Coddington’s longevity is both instructive and inspirational. Fashion in general, and high fashion in particular, may seem shallow and overpriced, and the industry and hype that swirls around it absurd and detached from most people’s lives. Coddington, however, seemed a very rooted, human presence in this high-pressured world.
Coddington started reading Vogue as a teenager, which, she recalled in The September Issue, as a “chic thing” totally “out of context” for the non-metropolitan life she lived in North Wales.
“Everything I did I fell into,” she said, remembering winning a Vogue modeling competition and heading to London. We saw her, gamine-beautiful, photographed by Lord Snowdon in 1959.
She stopped modeling after a car crash. Her eye was smashed into the driving mirror, and she had to have a lot of plastic surgery.
Two years later, she went back to work as a junior editor at British Vogue.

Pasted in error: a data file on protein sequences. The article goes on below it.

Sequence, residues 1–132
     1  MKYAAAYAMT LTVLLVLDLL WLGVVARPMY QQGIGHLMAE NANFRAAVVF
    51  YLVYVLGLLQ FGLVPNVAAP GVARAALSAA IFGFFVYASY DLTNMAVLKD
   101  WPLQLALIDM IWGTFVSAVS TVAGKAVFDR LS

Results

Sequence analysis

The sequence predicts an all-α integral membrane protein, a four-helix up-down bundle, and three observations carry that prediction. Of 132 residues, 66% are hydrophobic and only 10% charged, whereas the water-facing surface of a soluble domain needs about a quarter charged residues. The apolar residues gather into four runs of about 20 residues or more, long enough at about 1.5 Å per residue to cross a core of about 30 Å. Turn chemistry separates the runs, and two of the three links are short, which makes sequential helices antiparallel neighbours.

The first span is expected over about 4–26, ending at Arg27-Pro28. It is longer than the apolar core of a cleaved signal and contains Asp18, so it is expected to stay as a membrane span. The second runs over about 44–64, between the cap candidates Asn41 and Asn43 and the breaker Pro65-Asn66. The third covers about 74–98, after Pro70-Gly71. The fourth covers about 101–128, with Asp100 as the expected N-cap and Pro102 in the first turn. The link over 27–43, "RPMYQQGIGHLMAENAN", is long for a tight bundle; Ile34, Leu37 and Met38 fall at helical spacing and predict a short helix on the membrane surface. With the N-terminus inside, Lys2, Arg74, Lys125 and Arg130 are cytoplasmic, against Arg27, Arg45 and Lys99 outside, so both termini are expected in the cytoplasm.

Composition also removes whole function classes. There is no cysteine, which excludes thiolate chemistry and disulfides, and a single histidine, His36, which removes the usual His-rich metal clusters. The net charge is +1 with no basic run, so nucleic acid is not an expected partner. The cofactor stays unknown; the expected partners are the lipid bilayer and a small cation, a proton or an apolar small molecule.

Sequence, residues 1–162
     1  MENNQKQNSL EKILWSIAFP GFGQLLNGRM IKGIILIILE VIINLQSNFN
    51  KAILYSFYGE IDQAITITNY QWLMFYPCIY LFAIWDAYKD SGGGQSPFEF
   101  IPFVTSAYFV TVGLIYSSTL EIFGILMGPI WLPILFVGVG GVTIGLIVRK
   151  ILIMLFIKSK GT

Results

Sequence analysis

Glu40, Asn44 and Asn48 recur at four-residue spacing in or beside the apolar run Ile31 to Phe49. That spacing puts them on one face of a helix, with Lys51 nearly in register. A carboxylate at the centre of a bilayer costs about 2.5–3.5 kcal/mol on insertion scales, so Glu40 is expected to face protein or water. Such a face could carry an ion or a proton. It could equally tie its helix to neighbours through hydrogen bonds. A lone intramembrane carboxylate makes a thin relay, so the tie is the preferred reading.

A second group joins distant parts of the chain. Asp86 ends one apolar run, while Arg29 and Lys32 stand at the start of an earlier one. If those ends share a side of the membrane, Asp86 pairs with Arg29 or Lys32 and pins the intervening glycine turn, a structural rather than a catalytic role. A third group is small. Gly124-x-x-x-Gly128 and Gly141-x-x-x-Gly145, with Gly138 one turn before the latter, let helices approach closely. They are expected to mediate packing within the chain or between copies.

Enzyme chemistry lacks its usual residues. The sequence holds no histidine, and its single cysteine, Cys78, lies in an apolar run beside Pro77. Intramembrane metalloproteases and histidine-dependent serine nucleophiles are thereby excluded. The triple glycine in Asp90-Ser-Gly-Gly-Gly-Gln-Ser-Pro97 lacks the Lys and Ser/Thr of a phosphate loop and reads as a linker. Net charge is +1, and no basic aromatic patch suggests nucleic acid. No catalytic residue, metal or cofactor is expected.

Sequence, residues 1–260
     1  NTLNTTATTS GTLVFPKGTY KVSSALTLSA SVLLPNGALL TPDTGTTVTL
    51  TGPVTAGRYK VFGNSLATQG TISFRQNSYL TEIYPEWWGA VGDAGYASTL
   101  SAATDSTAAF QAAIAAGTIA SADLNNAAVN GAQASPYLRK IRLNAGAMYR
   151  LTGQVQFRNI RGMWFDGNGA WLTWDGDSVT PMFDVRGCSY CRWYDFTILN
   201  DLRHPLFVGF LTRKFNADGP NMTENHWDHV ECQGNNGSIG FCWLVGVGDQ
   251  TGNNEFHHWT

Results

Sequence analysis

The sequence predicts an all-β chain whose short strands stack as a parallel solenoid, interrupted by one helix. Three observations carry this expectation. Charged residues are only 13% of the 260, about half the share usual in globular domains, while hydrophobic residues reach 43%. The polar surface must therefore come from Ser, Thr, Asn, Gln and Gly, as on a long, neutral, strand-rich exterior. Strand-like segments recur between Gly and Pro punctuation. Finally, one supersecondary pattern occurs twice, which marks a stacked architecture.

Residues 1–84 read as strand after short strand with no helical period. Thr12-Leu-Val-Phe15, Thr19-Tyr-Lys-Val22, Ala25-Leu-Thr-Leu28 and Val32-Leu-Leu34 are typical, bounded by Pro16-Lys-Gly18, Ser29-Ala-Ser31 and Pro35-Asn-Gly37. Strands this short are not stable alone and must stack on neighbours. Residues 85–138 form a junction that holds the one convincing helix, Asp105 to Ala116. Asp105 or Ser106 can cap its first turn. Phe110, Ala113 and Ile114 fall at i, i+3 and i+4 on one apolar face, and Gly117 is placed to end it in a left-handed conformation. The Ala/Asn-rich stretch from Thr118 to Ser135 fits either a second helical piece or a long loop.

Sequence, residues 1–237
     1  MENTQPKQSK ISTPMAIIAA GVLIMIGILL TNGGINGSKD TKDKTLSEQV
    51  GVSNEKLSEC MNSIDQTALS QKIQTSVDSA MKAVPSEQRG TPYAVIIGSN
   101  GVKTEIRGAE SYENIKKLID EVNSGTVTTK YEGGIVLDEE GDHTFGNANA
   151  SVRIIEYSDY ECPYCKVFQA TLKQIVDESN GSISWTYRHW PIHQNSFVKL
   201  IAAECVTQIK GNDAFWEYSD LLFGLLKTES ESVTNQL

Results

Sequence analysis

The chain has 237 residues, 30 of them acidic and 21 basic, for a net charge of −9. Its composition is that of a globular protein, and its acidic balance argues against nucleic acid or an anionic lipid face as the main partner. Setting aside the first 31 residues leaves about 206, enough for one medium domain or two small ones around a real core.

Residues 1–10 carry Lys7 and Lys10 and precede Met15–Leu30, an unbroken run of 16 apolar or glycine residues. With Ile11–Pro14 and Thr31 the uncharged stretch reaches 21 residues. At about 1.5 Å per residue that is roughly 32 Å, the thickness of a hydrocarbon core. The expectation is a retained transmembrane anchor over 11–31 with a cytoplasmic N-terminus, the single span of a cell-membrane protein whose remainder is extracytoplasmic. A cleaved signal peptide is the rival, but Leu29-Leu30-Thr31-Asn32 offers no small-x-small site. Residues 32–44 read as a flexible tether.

Coddington’s aura of power may be different from Wintour’s, but the fascination with her, and the respect for her work, is as resonant as it is for the Vogue editor-in-chief.
It is significant in itself that Coddington is now represented by Great Bowery, a “super-agency” for high-powered creative forces like Annie Leibovitz and Bruce Weber.
Coddington—for so long the backstage Cinderella—has become as famous and overtly influential as those photographers and designers whose work she laid out in the pages of Vogue.
“I suddenly realized that I needed some help from outside,” Coddington told BoF. “I didn’t want to be pigeonholed into just styling a shoot, I wanted to do something beyond. I approached them, and they were willing to help me on all sorts of aspects. They’re thinking up ideas for me, which is fun.”
Matthew Moneypenny, Great Bowery’s chief executive, told BoF: "We are extremely honored to have Grace Coddington join Great Bowery and look forward to supporting and working with one of the most original, iconic, and deeply creative figures in the fashion world. I'm sure it comes as no surprise that we are already receiving very significant and interesting inquiries, which we look forward to exploring.”
To add to her autobiography, published in 2012 and already optioned for a movie, Coddington is also working on a perfume with Comme des Garçons, and possibly an animated film from her ‘Catwalk Cats’ illustration series. In the fall, Phaidon will publish a book of her work for American Vogue spanning the last 15 years.